Nguyễn Thị Định

In this Vietnamese name, the family name is Nguyễn, but is often simplified to Nguyen in English-language text. According to Vietnamese custom, this person should properly be referred to by the given name Dinh.

Madame Nguyễn Thị Định (15 March 1920 – 26 August 1992) was a Vietnamese communist during the Vietnam War.

She was born from a peasant family in Bến Tre Province, and fought with the Viet Minh forces against the French. She was arrested and incarcerated by the French colonial authority between 1940–43, and helped lead an insurrection in Bến Tre in 1945, and again in 1960 (against the government of Ngô Đình Diệm). She was a founding member of the National Liberation Front (NLF). In 1965 she was elected chairwoman of the South Vietnam Women's Liberation Association.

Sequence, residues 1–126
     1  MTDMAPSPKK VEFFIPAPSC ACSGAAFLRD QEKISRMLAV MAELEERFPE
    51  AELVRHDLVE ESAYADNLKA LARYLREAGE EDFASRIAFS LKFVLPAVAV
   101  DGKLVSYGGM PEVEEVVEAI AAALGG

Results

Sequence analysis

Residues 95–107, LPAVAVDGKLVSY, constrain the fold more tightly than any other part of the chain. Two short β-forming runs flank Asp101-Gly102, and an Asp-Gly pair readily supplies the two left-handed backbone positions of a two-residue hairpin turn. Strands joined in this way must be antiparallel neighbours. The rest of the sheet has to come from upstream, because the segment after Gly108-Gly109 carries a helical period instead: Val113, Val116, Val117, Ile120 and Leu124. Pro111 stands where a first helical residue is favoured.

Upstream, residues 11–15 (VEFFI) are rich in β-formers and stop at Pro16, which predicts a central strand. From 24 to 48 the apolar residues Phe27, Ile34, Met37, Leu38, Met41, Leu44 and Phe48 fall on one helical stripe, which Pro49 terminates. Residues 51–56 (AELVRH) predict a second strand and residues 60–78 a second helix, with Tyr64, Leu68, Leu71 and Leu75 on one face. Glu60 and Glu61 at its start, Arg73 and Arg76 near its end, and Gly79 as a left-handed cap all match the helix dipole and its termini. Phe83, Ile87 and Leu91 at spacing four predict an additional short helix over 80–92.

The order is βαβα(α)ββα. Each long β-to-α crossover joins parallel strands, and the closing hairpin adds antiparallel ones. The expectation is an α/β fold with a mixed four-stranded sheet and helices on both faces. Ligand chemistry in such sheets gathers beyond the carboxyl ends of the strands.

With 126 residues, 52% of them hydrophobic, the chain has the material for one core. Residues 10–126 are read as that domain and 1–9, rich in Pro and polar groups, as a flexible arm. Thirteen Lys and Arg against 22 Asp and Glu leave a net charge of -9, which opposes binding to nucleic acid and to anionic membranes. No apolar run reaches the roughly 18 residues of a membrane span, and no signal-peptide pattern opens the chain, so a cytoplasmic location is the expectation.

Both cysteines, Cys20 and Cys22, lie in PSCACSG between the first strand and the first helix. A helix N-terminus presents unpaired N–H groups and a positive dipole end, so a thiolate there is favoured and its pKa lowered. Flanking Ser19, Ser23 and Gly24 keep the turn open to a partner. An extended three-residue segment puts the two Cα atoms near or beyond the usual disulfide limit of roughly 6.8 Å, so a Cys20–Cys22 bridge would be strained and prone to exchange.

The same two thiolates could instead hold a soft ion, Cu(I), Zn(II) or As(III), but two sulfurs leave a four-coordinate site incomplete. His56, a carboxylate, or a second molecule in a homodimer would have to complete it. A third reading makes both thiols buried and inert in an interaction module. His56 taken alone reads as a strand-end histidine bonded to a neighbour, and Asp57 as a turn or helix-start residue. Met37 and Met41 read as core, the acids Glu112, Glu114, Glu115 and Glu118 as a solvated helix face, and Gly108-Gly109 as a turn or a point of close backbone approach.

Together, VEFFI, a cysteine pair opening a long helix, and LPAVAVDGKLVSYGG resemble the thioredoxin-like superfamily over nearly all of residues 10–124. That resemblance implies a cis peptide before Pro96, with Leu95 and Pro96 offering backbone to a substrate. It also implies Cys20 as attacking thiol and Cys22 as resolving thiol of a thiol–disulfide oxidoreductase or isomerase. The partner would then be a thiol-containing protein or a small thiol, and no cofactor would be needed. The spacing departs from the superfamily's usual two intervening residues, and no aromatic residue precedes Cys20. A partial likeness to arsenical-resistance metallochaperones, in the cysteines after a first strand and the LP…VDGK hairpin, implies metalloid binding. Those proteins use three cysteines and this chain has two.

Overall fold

After the Vietnam War and the reunification of Vietnam, Madame Định served on the Central Committee of the Vietnamese Communist Party and also became the first female major general to serve in the Vietnam People's Army. She was also one of the Deputy Chairmen of the Council of State from 1987 until her death. Together with Madame Nguyễn Thị Bình, she is one of the two most prominent female Vietnamese communist leaders. She was awarded the Lenin Peace Prize for 1967. In 1995, she was President posthumously awarded the title Hero of the People's Armed Forces.

She contributed the piece "The braided army" to the 1984 anthology Sisterhood Is Global: The International Women's Movement Anthology, edited by Robin Morgan.[1]


  1. "Table of Contents: Sisterhood is global :". Retrieved 2015-10-15.
Political offices
Preceded by
Lê Thanh Nghị
Chu Huy Mân
Vice President of Vietnam
Succeeded by
Nguyễn Thị Bình
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